New study claims texting bans don't cut down on car crashes

By Minna Sugimoto - bio | email.

HONOLULU (HawaiiNewsNow) - Is the ban on texting while driving really making our roads safer? A controversial new study says no. The Insurance Institute for Highway Safety says some drivers are taking risks to continue texting while behind the wheel.

In busy Downtown Honolulu, it's easy to find people multi-tasking -- walking to their destination while chatting it up on a cell phone. But catching a driver texting or talking on a hand-held device since Oahu's ban took effect is becoming more difficult.

"Drivers that may have in the past put their hands and their device up on the steering wheel to text, so that they can continue looking forward for at least part of the time, may be putting the device down on their lap to avoid detection from a police officer," Russ Rader, Insurance Institute for Highway Safety, said.

The Insurance Institute for Highway Safety believes efforts to hide texting while driving may be making roads more dangerous. The group says three of the four states it studied -- California, Louisiana, Minnesota and Washington -- actually saw an increase in the number of collision claims filed after driver texting was outlawed.

"If lawmakers are expecting a big safety benefit from these laws, it's not likely to be coming," Rader said.

The National Safety Council says it "disagrees with any suggestion that the narrow findings of today's report are definitive evidence that all cell phone or texting bans do not and will not ever work. The study released today was performed in states at a time when consistent, uniform and effective enforcement was not in place."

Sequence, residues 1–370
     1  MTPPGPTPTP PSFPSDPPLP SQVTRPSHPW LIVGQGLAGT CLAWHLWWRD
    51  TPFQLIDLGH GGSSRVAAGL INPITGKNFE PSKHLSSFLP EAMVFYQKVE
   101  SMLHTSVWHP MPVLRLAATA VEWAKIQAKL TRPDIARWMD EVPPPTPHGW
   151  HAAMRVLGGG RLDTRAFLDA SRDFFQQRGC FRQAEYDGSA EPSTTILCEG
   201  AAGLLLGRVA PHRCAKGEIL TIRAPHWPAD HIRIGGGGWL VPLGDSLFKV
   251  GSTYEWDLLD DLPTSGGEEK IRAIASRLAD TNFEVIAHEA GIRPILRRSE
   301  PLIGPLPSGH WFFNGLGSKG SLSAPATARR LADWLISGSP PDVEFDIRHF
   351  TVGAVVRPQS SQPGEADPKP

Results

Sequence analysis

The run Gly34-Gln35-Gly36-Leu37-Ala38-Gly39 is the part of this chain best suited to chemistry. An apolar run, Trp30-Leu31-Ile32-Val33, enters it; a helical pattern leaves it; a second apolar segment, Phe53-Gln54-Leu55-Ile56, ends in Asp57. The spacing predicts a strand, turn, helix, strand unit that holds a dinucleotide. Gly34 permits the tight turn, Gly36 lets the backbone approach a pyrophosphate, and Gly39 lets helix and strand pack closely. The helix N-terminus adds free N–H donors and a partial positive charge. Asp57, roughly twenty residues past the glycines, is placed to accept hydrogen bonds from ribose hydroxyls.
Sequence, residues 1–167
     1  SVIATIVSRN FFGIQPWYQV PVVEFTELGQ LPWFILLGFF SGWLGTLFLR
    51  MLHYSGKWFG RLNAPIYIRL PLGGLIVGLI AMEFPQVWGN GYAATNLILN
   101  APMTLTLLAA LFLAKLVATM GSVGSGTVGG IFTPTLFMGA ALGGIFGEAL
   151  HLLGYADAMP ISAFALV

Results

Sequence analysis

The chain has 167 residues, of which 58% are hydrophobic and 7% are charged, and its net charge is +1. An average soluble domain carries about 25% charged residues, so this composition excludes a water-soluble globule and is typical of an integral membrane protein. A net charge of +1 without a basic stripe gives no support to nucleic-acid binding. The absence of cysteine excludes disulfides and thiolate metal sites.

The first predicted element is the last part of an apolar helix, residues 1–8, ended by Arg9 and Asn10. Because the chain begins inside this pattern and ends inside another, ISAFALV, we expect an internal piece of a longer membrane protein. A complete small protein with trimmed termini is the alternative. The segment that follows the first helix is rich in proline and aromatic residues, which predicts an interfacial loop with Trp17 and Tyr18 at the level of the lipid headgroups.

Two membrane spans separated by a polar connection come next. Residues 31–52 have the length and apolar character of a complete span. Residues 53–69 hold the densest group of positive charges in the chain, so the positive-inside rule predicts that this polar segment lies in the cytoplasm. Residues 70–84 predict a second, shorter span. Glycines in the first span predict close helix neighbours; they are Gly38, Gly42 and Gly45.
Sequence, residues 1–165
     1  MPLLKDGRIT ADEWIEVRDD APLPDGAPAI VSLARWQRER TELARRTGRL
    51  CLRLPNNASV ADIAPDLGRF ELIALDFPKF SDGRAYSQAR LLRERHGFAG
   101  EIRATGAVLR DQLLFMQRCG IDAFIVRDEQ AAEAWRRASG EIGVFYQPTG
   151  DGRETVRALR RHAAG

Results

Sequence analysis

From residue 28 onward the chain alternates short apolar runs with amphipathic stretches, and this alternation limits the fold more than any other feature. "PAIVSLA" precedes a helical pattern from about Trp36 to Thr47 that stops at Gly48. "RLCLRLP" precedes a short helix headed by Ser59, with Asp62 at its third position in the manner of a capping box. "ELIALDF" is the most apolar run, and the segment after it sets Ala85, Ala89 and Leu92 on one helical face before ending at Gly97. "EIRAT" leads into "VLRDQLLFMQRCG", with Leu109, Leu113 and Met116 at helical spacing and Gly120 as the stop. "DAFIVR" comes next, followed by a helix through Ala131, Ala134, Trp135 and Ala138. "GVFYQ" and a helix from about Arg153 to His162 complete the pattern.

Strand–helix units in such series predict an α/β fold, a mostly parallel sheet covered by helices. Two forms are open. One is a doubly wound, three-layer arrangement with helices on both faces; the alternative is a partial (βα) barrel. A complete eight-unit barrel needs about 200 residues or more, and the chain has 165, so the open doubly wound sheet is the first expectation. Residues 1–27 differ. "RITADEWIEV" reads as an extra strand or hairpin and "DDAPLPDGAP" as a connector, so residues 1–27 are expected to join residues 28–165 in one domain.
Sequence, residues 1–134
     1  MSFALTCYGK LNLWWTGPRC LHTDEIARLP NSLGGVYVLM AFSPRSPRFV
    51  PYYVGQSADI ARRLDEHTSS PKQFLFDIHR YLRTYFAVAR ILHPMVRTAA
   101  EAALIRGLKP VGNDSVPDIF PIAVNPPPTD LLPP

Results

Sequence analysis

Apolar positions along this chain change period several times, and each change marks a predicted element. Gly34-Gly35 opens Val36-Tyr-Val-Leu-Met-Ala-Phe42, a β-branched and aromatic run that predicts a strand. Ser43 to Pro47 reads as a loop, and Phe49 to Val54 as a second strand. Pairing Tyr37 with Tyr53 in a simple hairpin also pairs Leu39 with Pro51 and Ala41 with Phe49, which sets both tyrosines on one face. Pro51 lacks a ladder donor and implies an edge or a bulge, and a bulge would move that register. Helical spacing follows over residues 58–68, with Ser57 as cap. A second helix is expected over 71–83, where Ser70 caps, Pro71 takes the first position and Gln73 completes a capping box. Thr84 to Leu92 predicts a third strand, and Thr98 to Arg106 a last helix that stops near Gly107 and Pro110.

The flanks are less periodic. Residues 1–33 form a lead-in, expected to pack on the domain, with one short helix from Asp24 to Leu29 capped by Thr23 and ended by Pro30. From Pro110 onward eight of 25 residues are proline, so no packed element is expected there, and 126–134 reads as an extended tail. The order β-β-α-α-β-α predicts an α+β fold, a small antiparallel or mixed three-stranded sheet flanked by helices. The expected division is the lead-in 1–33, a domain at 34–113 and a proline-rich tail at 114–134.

Honolulu police say they have issued about 9,200 citations since the cell phone ban took effect on Oahu in July of last year.

"The Honolulu Police Department believes that the Oahu law banning the use of hand-held electronic devices while driving is an effective and enforceable law that saves lives," Maj. Thomas Nitta, commander of the HPD's Traffic Division, said.

The IIHS says applying makeup, talking to your kids in the back seat and daydreaming are equally risky activities behind the wheel.

"Distracted driving is much larger than just texting and just cell phones," Rader said. "We need to look at all of those distractions, not just carve out one type of distraction."

The state Department of Transportation says because the ban on hand-held devices in each county is relatively new, it doesn't have enough data yet on how it's impacted the rate of collisions.

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